by Clare Tourtelotte, Sports Editor
graphic by Emily Cheng
If female sports were fair, the National Collegiate Athletic Association (NCAA) March Madness tournaments would treat female and male basketball players equally. All athletes would be provided with equal amenities in their training areas, and professional U.S. soccer player Megan Rapinoe would be paid the same as her male counterparts.
If female sports were fair, female athletes would receive the same amount of press, and reporters would not focus on male athletes while forgetting their female counterparts. If female sports were fair, the Newton South Athletics Department would hire an equivalent number of female head coaches as male head coaches, so the make up of head coaches would not be 78 percent male. The simple truth is that female sports are not fair.
Not only do transgender women face the hurdles that female athletes do, they also regularly face misconceptions about whether or not they are real women. Physiologically, people who were assigned male at birth have higher muscle mass and lower percent body fat than women, so many claim that transgender women physiologically present an unfair advantage in sports.
Although, among a group of gender-assigned girls at birth, some are inherently going to be faster and stronger than others — maybe they’re taller, have faster genes, or a faster metabolism. There are already advantages in sports because every athlete’s body is different, no matter if they’re cisgender or transgender. The idea that transgender women have a “leg-up” in sports not only shows a lack of understanding for transgender people, but is also a false and transphobic narrative.
On April 23, Alabama Governor Kay Ivey signed House Bill 391, banning transgender youth from playing sports consistent with their gender identity, a practice that has been relatively undisturbed for years. Regardless of a child’s gender identity, we cannot take away their childhood by prohibiting them from playing sports on the team with which they identify. There are no stakes in youth sports, they are meant to be fun, carefree and accepting.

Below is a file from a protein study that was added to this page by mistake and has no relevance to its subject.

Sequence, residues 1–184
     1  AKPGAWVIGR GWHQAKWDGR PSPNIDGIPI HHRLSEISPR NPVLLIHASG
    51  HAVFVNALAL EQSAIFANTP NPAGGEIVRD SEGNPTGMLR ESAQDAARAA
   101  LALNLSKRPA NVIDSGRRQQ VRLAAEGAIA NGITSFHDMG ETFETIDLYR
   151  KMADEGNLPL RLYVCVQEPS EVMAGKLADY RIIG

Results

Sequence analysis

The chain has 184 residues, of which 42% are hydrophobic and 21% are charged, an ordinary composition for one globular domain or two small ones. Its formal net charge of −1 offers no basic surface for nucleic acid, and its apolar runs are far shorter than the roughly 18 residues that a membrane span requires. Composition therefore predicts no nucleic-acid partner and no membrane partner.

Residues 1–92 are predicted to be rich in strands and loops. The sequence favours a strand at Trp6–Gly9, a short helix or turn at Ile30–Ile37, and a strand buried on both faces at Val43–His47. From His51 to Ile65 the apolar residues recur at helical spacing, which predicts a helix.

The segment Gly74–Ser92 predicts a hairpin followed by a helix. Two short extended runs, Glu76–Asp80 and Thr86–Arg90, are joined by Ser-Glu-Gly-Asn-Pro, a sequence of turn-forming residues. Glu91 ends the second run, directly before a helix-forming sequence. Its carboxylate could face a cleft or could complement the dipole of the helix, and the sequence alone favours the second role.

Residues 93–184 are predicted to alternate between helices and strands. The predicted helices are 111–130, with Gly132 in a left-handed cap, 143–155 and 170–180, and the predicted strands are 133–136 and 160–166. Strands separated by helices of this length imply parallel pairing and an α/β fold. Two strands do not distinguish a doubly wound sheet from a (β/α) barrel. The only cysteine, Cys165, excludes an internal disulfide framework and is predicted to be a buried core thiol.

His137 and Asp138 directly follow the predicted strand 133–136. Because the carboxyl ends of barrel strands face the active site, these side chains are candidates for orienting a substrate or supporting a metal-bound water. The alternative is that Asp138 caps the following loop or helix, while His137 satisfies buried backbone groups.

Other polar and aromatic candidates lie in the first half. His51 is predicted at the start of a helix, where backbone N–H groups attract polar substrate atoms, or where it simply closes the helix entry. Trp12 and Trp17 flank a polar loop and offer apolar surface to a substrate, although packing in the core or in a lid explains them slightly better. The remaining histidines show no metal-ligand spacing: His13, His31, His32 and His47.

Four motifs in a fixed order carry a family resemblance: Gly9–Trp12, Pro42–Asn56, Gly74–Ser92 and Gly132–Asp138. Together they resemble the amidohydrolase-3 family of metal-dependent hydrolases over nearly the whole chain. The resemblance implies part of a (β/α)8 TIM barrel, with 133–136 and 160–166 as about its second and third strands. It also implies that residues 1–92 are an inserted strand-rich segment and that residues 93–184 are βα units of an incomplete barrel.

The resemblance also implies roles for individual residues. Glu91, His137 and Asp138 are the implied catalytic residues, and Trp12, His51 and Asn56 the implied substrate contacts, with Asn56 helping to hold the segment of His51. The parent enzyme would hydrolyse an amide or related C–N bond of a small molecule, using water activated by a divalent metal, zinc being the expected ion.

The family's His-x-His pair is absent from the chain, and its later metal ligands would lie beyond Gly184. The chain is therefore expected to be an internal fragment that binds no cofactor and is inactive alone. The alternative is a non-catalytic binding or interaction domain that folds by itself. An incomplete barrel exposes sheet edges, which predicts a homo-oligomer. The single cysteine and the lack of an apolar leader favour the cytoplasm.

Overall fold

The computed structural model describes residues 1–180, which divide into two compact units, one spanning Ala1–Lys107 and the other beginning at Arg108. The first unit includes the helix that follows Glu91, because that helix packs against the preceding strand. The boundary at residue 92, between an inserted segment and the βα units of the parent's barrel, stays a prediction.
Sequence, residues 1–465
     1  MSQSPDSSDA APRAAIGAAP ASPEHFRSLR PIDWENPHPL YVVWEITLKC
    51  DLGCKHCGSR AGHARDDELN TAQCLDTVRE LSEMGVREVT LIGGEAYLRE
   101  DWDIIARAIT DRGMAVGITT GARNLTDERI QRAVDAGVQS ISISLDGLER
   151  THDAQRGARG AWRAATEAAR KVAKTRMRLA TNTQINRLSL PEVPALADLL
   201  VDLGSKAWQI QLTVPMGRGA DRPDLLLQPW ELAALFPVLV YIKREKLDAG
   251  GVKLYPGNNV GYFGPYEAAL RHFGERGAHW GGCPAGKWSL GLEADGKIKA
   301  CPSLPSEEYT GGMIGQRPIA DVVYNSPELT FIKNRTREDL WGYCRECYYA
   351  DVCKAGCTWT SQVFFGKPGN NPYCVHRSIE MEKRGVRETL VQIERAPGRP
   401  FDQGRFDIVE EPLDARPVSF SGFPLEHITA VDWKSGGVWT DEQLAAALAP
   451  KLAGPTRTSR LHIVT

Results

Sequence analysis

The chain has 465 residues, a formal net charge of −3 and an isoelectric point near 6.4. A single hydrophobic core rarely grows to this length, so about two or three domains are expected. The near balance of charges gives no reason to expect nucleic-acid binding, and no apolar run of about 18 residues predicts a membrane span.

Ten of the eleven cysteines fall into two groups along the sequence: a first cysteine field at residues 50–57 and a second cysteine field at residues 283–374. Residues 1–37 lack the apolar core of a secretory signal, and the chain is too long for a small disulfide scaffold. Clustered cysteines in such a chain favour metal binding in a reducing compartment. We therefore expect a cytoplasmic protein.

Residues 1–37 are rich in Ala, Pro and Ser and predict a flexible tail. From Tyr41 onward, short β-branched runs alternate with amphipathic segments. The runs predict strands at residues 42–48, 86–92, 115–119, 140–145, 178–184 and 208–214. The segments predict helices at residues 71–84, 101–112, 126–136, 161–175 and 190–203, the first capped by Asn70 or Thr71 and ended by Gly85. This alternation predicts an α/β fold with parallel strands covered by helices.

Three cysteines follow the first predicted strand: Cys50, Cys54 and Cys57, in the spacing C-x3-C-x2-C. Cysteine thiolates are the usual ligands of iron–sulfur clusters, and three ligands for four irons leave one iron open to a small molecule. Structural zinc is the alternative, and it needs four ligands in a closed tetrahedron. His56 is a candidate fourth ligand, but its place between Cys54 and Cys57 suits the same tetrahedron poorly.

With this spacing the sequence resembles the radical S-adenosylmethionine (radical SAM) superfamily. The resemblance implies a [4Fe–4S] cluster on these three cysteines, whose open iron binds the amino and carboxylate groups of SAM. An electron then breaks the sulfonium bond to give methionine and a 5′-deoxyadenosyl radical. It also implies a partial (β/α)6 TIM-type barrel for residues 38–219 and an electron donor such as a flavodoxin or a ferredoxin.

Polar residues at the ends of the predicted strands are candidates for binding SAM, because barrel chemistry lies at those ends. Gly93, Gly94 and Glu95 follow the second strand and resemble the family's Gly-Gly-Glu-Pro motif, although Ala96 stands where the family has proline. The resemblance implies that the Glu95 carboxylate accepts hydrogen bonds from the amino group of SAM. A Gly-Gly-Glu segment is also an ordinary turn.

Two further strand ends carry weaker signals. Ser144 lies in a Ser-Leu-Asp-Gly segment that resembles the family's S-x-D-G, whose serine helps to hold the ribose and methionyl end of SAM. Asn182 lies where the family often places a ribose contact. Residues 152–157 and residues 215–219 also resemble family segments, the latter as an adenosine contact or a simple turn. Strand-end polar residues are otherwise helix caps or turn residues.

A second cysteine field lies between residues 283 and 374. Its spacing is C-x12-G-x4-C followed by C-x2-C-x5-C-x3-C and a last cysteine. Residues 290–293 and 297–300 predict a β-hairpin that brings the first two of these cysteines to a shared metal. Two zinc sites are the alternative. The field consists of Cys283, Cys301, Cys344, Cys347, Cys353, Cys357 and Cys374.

In the face of the immense transphobia in our country, we must stand with transgender athletes. There is no factual evidence of unfair advantages exhibited by transgender women in sports, as every athlete inherently has certain strengths and weakness, regardless of if they are transgender.
Lawmakers and people in leadership positions limit transgender women in sports because they claim to “care” about female sports. Those same people enable pay-gaps and unequal press coverage between male and female athletes. Using transgender female athletes as scapegoats to feign care for female sports needs to end. It is crucial that we include transgender athletes in sports that match their gender identity and we need to collectively start caring about female sports.